- Firstly, for the 2021-2028 MFF, the European Commission requires a political declaration from the European Council by July. This is the near-term stumbling block for the proposed plan in its current form as it faces political opposition. The euro is becoming acutely aware of this as leaders begin to hit the wires with EURUSD hovering around the 1.10 level as the flash headlines flood in. Recent comments from Holland and German Chancellor Angela Merkel have highlighted the lengthy nature of negotiations around the current structure, causing the euro to retreat from session highs. Merkel explicitly stated that she doesn’t expect an agreement by the next European Council summit on June 18-19th. The nail was put in the euro’s rally after Austrian Chancellor Sebastian Kurz, a key opponent to the grant system, stated that the current program was “the starting point for negotiations”.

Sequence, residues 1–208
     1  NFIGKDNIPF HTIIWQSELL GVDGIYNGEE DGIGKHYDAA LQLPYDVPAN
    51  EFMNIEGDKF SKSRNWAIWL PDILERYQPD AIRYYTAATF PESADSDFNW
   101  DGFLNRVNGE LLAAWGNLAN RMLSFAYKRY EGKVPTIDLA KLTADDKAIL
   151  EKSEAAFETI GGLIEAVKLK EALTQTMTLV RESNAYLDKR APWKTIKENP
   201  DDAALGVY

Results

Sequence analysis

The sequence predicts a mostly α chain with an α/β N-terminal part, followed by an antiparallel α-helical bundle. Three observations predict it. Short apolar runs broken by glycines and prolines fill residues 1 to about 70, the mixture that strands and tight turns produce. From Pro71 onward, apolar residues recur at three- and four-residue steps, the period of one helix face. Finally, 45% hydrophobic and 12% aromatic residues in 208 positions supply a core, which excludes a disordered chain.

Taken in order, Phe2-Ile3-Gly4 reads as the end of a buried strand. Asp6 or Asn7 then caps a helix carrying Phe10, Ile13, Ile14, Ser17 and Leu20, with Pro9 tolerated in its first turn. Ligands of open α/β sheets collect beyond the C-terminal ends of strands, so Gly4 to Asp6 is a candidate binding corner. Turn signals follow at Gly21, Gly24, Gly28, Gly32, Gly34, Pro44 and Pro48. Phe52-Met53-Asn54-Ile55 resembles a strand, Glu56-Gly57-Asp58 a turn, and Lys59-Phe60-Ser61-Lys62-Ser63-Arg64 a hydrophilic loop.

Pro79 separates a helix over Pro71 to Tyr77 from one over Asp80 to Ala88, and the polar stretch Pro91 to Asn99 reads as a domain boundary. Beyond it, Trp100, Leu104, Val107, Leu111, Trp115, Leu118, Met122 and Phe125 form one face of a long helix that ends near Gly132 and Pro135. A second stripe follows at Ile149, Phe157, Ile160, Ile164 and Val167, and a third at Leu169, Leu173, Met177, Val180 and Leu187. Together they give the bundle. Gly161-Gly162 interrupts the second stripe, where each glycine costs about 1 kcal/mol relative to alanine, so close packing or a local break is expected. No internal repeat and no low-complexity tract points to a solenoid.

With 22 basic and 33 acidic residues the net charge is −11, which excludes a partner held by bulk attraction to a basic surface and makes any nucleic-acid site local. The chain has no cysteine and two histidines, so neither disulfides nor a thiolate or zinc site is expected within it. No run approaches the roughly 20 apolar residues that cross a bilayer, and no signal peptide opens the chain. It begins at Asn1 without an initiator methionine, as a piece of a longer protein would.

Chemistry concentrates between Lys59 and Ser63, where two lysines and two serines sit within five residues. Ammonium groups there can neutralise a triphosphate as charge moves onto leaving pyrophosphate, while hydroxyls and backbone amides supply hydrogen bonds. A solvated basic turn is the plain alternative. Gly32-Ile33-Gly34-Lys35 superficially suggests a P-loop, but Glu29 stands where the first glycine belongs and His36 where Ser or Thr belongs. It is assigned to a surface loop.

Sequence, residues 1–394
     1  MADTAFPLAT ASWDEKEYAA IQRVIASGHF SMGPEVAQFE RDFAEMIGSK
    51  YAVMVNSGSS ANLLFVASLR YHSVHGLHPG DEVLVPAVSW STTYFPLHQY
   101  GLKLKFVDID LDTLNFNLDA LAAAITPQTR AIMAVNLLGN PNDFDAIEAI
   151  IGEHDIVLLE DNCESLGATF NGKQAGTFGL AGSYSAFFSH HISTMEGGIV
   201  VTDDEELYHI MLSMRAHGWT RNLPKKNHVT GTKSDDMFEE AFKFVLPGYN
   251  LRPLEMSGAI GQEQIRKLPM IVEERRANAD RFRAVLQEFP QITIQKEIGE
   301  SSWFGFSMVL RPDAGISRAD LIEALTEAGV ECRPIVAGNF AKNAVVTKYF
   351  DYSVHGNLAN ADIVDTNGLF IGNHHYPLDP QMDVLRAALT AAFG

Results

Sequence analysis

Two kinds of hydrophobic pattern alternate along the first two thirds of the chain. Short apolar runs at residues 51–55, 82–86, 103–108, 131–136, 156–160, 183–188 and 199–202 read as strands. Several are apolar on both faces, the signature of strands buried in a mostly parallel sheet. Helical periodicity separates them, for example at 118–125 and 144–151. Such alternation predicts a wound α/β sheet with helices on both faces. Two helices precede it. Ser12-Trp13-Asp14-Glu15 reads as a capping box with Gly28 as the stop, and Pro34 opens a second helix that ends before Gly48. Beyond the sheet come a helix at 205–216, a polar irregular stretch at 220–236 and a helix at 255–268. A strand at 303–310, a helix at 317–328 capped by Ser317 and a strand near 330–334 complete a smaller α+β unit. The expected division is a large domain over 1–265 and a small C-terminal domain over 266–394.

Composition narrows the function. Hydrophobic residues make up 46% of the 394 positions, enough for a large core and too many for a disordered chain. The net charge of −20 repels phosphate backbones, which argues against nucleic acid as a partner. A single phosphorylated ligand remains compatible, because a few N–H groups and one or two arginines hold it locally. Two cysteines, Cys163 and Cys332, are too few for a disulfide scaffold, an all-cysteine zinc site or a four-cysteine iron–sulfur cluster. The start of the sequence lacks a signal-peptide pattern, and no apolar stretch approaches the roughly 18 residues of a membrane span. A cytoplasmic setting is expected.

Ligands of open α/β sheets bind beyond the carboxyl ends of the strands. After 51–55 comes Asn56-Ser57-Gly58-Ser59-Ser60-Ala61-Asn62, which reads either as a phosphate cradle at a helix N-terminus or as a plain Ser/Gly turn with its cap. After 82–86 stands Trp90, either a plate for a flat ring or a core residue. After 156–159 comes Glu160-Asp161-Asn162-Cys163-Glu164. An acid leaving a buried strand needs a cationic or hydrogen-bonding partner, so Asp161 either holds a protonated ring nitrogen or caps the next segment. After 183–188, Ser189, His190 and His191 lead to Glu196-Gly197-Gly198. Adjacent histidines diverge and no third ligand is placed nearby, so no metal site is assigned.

- The second risk factor is that the European Commission also requires ratification for its additional spending under the 2014-2020 MFF program by September 1st such that it can release the extra €11.5 billion under this year’s budget.
Going forward, the situation remains fluid and headlines highlighting how deep the political divisions are will likely dominate EURUSD price action. In this light, we expect volatility in the pair to be elevated, although this isn’t a view currently shared by options markets.
EURUSD retreats after Kurz and Merkel strike blows to the prospect of a swift EU-wide fiscal response
The reaction in the 3-month implied EURUSD volatility, which encompasses the July deadline, remains muted. This potentially highlights the market’s scepticism towards a breakthrough causing heightened volatility in this time period.
Olivia Alvarez Mendez, FX Market Analyst
Simon Harvey, FX Market Analyst